One-third of Prince Albert's critical care beds for kids taken up by COVID patients, says region's top doctor

·2 min read
The medical health officer for the Prince Albert area says it's important for more people to get vaccinated.  (NIAID Integrated Research Facility/Reuters - image credit)
The medical health officer for the Prince Albert area says it's important for more people to get vaccinated. (NIAID Integrated Research Facility/Reuters - image credit)

Dr. Khami Chokani became emotional when speaking to Prince Albert city councillors about the state of the city's health-care infrastructure.

Speaking at a council meeting earlier this week, the medical health officer for the Prince Albert region said one-third of the hospital's critical care beds for children were taken up by COVID patients over the weekend.

One of those children was just three months old.

"It's very painful to have that," said Chokani.

"So, if it's taken up by a COVID baby, your other babies, who are, say, premature, don't have a bed."

On Wednesday, the North Central 2 sub-zone, where Prince Albert is located, had 262 active COVID-19 cases. That's more than the Regina region, which had 164.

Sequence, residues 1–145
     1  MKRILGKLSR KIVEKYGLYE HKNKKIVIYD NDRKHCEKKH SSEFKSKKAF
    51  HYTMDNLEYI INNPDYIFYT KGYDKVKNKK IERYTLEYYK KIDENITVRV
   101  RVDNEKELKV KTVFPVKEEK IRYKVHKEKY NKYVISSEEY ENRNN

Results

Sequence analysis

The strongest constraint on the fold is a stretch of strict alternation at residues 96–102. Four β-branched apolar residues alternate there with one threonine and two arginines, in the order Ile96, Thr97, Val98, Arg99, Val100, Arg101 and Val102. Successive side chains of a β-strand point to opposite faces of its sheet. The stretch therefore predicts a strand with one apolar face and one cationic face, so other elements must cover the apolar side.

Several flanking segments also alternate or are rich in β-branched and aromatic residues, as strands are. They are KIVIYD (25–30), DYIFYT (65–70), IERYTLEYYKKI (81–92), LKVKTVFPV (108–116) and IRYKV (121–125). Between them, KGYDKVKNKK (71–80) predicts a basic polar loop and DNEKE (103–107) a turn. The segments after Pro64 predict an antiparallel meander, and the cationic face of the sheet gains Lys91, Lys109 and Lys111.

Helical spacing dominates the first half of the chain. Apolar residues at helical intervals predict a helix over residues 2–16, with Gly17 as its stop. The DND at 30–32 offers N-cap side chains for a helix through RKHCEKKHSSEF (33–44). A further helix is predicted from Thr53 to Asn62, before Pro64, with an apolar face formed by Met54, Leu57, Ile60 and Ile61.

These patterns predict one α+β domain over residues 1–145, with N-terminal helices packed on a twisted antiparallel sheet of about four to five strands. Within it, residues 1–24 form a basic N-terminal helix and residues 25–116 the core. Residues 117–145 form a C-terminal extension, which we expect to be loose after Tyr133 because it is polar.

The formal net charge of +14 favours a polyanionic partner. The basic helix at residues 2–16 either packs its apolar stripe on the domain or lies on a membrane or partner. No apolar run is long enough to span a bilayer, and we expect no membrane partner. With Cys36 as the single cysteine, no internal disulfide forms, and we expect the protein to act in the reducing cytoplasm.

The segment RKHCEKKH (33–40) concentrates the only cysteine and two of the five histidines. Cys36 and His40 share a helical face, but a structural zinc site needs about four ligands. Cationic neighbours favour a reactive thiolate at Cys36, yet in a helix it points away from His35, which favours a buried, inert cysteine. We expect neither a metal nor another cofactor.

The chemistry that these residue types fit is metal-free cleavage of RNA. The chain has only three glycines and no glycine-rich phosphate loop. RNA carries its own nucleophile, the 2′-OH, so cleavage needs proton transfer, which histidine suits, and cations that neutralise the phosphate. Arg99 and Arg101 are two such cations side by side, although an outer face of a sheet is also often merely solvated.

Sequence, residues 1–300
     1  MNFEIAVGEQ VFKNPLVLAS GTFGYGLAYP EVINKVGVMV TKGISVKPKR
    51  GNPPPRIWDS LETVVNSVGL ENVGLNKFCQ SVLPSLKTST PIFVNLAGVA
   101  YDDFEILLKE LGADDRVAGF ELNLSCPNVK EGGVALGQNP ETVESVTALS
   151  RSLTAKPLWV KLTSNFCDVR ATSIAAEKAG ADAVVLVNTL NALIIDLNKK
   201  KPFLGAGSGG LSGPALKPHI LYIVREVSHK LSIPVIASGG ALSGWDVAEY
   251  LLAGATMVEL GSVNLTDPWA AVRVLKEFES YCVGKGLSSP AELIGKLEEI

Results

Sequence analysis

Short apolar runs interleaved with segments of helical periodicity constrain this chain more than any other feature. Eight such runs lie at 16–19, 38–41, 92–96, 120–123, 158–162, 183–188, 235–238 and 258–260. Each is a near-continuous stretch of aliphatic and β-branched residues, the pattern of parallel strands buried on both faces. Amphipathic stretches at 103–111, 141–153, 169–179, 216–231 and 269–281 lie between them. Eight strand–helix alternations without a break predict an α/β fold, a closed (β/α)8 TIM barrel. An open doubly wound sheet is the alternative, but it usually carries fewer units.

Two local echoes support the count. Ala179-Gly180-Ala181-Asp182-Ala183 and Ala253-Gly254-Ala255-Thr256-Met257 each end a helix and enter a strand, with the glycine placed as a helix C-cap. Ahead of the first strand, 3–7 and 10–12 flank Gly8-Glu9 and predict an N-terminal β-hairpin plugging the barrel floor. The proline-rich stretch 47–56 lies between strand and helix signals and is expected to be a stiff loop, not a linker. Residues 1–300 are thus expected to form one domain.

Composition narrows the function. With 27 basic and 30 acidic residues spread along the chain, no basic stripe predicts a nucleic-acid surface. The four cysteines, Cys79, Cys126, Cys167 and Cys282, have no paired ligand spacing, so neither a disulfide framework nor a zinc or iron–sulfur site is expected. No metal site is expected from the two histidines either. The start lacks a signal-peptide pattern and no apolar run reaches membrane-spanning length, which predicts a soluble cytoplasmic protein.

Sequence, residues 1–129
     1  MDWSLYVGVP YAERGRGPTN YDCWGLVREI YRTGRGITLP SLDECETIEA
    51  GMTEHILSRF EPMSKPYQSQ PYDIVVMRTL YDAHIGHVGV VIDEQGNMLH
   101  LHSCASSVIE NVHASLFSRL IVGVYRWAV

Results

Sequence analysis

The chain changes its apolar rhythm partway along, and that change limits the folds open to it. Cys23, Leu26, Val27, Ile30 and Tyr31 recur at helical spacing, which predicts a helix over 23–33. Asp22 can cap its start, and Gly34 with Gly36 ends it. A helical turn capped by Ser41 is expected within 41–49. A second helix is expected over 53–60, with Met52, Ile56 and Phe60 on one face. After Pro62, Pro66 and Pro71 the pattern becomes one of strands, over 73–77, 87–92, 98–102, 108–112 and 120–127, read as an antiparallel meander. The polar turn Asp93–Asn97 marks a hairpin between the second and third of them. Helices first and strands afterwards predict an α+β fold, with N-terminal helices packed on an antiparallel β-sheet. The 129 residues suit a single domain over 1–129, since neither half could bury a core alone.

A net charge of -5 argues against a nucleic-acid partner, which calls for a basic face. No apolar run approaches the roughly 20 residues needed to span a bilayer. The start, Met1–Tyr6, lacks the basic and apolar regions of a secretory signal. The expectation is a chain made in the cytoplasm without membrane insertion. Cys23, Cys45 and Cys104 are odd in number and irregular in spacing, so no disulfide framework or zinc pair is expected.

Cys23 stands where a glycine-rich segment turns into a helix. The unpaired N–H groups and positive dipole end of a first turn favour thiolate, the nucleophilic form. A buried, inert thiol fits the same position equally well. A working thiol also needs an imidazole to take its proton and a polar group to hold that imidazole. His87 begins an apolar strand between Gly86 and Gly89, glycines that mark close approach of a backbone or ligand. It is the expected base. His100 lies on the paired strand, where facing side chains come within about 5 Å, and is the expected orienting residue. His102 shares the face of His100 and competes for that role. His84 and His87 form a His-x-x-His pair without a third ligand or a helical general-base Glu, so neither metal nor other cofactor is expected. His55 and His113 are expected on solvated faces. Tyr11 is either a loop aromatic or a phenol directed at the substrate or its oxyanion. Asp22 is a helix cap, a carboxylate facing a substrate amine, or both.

Chokani estimates the medical system in Prince Albert will be overwhelmed in roughly two weeks if cases continue to mount.

"People will still have heart attacks, people will still have strokes," he said.

"They still do require those beds [even] if those beds are taken up by COVID patients. It means that one more person doesn't have access to that high quality care."

In response to the situation, Prince Albert city council voted in favour of bringing in a mask mandate for all civic facilities. The city is also looking at requiring proof of full vaccination to enter city facilities, but a policy still needs to be developed.

"We hope that will be enough," said Mayor Greg Dionne, speaking to CBC Radio's The Afternoon Edition.

"The last thing we want to do is to go back to any kind of lockdown or restrictions on gatherings. So we hope that the masking up will do the trick."

Dionne said the city has traditionally been a major hub for people living in northern Saskatchewan, where the immunization rate continues to be low. He attributes that to the area's high COVID rate.

"They have mobile vaccination centres set up there now to try to combat that," he said.

"That's why we have to take precautions to protect ourselves."

Dr. Chokani said it's essential more people get vaccinated, especially young people. He also said traditional protective measures such as physical distancing and limiting social contacts are still important.

"We have been able to bend that curve [in the past]," he said.

"And what we need [are] just those small actions."

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